Group engineering a brighter future

Business Education Compact is striving to 'make learning real'
by: Jennifer Clampet, STUDENT ENGINEERS — Fowler students got into the assignment to gather water from different points along Summer Creek.

TIGARD - The local chapter of the Business Education Compact is trying to help stimulate the next generation of engineers whether they like it or not.

Whether it's because of an intimidation from the concepts of physics and calculus or a lack of interest for a career in science and numbers, American students are not flocking to careers in science or engineering.

In 2001, 46 percent of students in China graduated with engineering degrees. In the United States, that number was only 5 percent, according to research from the Southern Methodist University.

Kurt Harrington, the senior environmental engineer with AMEC in Tigard, calls the slump in American engineering grads a 'brain drain.'

'In the U.S., we're outsourcing to China and other countries more and more,' Harrington said. '(The United States) needs more people to get into sciences.'

In Oregon, the local chapter of Business Education Compact is pushing toward that goal with its Making Learning Real program. The program connects professional volunteer engineers with schools, teachers and classrooms around the state.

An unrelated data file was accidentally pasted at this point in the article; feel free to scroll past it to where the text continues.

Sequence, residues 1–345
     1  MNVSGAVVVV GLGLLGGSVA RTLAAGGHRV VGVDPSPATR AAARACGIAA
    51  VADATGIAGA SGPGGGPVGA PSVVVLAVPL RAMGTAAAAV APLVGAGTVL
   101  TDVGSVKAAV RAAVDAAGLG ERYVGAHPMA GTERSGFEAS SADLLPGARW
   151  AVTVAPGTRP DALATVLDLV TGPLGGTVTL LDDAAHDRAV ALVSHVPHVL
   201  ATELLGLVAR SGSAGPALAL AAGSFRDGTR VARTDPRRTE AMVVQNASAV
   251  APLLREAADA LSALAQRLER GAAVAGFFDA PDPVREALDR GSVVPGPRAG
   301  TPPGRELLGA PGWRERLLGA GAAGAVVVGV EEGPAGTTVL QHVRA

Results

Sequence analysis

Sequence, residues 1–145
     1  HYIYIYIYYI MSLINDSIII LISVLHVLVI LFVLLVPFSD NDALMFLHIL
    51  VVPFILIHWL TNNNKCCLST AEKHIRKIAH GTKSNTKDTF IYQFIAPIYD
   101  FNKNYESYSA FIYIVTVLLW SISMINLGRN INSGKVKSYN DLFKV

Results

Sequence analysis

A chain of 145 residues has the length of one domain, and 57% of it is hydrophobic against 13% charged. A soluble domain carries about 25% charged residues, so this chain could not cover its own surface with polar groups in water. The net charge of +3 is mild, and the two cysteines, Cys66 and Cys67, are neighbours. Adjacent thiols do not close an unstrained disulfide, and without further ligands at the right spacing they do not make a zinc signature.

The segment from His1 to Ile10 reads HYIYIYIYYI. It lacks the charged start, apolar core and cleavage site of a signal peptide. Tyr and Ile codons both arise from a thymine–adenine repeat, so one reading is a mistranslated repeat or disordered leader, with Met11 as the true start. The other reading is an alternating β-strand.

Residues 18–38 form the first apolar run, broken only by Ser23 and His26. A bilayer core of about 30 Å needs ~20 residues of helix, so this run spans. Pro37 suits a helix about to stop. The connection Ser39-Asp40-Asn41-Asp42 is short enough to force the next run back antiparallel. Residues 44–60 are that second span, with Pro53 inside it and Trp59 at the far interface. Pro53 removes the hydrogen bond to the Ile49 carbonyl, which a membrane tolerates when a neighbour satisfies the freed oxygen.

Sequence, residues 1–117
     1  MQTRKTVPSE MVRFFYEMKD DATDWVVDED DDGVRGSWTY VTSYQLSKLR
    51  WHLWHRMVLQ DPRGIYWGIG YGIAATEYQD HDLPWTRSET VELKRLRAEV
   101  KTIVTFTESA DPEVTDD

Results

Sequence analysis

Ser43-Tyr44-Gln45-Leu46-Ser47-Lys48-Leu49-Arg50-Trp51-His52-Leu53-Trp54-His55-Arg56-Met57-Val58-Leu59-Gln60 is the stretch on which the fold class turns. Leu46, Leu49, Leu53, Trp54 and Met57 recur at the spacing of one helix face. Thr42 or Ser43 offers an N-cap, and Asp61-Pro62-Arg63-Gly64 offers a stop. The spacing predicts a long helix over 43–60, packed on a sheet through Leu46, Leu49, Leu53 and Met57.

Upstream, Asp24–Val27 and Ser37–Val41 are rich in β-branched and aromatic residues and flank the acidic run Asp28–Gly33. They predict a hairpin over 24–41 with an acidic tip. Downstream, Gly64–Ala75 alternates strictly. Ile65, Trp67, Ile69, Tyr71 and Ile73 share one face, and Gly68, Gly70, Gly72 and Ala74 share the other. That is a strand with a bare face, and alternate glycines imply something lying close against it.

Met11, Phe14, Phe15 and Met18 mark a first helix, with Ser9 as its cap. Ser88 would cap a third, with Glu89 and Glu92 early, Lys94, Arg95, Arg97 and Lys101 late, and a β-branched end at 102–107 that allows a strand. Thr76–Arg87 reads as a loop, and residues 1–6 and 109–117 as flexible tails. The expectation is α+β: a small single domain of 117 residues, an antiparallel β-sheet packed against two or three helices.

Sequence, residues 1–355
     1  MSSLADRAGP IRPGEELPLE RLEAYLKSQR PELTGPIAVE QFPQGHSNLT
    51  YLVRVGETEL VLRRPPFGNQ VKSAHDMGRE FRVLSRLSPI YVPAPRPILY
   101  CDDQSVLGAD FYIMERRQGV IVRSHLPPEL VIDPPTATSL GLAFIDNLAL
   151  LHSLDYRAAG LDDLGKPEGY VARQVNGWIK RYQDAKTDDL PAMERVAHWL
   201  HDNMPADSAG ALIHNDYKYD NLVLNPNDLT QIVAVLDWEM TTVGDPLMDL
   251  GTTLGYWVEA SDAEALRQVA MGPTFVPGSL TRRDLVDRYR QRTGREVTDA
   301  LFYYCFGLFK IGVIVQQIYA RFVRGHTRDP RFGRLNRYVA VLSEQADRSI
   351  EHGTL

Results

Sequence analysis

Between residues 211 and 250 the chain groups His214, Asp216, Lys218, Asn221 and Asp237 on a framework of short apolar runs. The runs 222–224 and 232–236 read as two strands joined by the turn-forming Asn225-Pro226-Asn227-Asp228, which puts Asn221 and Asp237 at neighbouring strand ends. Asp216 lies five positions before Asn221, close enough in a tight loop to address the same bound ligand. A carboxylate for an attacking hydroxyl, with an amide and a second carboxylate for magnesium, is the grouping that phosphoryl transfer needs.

'If we do our job right,' said Mary Beth Horton, deputy director of BEC's local chapter, 'we think (students) will be excited about science and math. It's all about making learning real.'

The goal of the program is to increase awareness and understanding of how indispensable engineering jobs are.

'Instead of math being an abstract thing they'll never use, it actually becomes a means to an exciting (career),' Horton said.

Two weeks ago, with the feel of soft creek bed dirt firmly underneath their wading boots, students in Mary Sue Honstein's sixth-grade science classes at Fowler Middle School excitedly scrambled around gathering water samples from Summer Creek.

Harrington led the classes in testing the waters for pH levels, temperature and turbidity. This wasn't the first time Honstein's students have tested the waters at the creek. They do it on a regular basis and send the tests to the University of Arizona for results. But Harrington's visit was the first time the students had an actual engineer on site to do the testing before their eyes.

The students crowded around the read-out equipment positioned on the bridge as Harrington hollered for the creek water associated with the different positions along the bank. All the while, Harrington smiled.

'I do this because kids don't always connect engineering with this stuff,' Harrington said referring to the outside trek to gather samples. 'Kids don't realize that it can be fun. That you don't have to be the best math and science student to be a good engineer. It just takes creativity.'